Grantmakers in the Arts
(4-19-10) GIA Member Susan Coliton (Paul G. Allen Family Foundation) and Patricia A. Wasley (Dean of the College of Education at the University of Washington) in an Op-Ed in the Seattle Times...
"OUR state's economy thrives on innovation. That innovation exists in many sectors — from engineers and designers, to writers and architects — and all of them depend on creative-thinking skills in order to succeed.
(4-19-10) America's nonprofits expect that 2010 will be financially more difficult or as difficult as 2009, according to a survey released by Nonprofit Finance Fund (NFF). The survey of more than 1,300 nonprofit leaders in markets nationwide also found strong evidence of the dramatic and creative steps that organizations are taking in order to maintain – and even expand – service delivery to meet increased demand during this time of continued economic uncertainty.
For full results, click below.
(4-19-10) The Kresge Foundation announces today a new national strategy for its Arts and Culture Program that fosters the long-term financial stability of arts and cultural organizations, supports artists’ services, and helps to integrate arts and culture institutions and activities into effective community building. Grantmaking is focused in three areas: Institutional Capitalization, Artists’ Support Services and Arts and Community Building.
(4-16-10) On April 14, Russell Sullivan, staff director for the Senate Finance Committee, spoke at a symposium hosted by Catholic University of America's Columbus School of Law, "Philanthropy in the 21st Century: Should All Charities Be Created Equal?" Sullivan forecast the emergence of proposals to form "for-benefit corporations," agencies created for the public benefit with business structures falling somewhere between for-profit and nonprofit organizations.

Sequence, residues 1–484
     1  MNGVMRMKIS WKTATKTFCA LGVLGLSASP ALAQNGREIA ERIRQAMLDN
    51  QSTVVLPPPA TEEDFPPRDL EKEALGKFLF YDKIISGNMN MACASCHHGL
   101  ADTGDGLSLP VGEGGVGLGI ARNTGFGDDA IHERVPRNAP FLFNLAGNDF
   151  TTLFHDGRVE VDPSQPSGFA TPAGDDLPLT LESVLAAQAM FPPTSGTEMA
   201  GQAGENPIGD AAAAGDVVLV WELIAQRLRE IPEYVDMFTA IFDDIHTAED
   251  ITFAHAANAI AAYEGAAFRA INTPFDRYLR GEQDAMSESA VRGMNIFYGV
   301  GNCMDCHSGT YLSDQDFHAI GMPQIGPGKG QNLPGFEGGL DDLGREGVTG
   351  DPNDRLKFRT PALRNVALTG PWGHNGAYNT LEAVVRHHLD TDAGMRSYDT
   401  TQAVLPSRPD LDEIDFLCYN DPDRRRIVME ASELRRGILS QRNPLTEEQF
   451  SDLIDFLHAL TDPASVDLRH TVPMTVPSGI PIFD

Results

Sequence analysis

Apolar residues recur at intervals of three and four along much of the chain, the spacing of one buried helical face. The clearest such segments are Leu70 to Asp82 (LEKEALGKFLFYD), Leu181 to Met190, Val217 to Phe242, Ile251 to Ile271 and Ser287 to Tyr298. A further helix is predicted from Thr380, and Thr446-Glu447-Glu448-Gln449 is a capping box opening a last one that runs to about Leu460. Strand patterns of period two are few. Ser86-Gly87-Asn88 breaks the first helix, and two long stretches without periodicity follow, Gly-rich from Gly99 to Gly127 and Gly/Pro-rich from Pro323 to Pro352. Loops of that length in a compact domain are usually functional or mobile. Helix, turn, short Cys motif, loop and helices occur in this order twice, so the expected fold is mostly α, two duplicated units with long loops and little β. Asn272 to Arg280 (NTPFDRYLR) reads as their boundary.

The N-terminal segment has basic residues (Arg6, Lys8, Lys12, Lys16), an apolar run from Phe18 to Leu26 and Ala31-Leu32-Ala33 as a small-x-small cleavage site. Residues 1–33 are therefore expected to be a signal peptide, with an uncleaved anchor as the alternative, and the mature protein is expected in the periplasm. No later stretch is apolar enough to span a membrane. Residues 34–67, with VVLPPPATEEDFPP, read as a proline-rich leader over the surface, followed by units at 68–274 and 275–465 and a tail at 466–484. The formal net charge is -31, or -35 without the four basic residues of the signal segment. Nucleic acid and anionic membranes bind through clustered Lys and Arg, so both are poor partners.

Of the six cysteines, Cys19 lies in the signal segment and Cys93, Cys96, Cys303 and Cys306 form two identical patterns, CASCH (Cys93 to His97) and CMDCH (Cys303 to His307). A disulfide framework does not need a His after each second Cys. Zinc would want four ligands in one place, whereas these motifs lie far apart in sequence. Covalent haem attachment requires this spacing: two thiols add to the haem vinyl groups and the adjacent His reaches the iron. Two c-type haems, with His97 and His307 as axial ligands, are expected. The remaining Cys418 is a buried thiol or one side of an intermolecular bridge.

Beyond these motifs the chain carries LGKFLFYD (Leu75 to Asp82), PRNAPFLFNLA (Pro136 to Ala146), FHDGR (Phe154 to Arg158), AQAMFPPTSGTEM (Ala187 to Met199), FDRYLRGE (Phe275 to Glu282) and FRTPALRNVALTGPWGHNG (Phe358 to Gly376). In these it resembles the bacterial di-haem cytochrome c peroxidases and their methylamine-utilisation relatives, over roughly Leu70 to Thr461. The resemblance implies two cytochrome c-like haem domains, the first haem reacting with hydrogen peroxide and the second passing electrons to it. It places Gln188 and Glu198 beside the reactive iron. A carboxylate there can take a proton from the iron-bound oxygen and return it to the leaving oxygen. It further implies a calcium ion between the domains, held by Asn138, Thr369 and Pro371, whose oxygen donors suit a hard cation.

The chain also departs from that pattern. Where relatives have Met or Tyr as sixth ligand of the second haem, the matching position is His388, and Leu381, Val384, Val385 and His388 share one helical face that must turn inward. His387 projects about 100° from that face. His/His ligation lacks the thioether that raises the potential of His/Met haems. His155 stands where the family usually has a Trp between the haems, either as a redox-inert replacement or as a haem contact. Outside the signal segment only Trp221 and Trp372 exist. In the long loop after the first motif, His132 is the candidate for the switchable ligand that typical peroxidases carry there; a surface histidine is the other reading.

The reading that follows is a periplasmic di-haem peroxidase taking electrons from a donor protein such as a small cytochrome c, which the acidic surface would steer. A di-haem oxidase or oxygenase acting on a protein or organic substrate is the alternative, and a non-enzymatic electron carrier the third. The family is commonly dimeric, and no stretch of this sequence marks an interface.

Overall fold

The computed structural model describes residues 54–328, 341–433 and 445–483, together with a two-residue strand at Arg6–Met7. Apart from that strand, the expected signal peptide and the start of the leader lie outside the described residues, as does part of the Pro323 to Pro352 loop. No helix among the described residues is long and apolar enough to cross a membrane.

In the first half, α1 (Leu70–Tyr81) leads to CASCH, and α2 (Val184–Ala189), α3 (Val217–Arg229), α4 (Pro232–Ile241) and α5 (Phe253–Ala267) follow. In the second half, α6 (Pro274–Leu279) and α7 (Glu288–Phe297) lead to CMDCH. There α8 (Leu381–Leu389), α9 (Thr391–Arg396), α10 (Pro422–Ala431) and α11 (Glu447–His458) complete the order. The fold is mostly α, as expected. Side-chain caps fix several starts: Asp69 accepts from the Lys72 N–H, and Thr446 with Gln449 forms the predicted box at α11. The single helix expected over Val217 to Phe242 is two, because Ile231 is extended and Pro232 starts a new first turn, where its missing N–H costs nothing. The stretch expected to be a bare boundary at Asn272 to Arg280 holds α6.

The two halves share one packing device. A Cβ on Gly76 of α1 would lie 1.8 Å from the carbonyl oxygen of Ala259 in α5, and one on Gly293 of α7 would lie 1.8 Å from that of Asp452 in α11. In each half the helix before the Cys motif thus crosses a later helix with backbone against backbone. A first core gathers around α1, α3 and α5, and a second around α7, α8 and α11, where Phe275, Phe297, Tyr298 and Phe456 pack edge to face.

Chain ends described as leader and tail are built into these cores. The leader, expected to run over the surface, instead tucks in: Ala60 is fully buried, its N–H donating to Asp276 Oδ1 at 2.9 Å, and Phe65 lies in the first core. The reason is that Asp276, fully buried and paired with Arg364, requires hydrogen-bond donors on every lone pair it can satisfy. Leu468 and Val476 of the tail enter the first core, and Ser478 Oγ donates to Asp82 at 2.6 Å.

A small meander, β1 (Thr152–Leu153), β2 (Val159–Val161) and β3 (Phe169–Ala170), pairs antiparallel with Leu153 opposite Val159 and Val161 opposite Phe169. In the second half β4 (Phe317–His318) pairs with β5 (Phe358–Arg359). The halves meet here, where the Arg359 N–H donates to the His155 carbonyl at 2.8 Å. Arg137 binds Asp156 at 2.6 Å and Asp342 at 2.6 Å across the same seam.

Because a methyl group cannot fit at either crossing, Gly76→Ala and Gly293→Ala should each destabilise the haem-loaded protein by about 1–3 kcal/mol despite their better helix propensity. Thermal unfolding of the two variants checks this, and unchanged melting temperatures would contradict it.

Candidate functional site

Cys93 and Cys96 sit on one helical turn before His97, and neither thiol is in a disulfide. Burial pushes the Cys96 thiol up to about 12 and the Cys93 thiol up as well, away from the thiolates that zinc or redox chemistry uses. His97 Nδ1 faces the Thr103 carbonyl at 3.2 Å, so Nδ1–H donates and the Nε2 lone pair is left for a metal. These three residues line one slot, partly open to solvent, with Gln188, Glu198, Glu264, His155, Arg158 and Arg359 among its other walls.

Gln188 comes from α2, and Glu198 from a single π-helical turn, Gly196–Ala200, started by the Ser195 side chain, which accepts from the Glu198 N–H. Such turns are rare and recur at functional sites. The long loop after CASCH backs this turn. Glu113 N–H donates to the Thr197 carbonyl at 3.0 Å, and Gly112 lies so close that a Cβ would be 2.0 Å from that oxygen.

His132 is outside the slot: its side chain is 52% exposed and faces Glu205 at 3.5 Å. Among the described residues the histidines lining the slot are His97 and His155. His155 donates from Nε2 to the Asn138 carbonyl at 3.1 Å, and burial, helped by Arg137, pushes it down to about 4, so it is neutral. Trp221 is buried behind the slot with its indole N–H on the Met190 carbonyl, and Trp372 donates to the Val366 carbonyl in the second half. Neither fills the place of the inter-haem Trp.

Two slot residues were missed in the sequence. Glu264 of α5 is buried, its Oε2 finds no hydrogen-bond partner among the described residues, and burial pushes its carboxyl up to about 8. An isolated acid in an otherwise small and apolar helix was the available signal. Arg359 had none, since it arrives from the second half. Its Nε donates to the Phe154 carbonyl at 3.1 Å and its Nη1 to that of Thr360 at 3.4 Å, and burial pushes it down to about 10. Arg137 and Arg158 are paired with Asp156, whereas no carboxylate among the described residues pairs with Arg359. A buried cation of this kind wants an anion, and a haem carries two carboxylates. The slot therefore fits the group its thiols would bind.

(4-15-10) The Washington Post's Jacqueline Trescott provides a summary of this week's hearings before the House Appropriations subcommittee responsible for the budgets of the NEA, the Smithsonian, and other government-funded cultural agencies. Her description of the back and forth creates a very nuanced impression of the discussion, as well as the personalities in the room. Read it here.
(4-14-10) GIA Board member John Killacky, one of the Bay Area's most vigorous champions of the arts will announce today that he is leaving the Bay Area to oversee a respected arts center in Vermont.
(4-14-10) In an interview with Alliance Magazine, Geraldine Kunstadter of the Albert Kunstadter Family Foundation discusses her grantmaking practices, while urging larger foundations to take risks and pare down assessment practices. Kunstadter, who regularly visits her foundation's grant recipients (16 in the U.S. and abroad per annum), has a very personal relationship to the granting process and offers a unique perspective on the funder-grantee dynamic: "If you trust people enough to give them money, you have to trust that they know best how to spend it."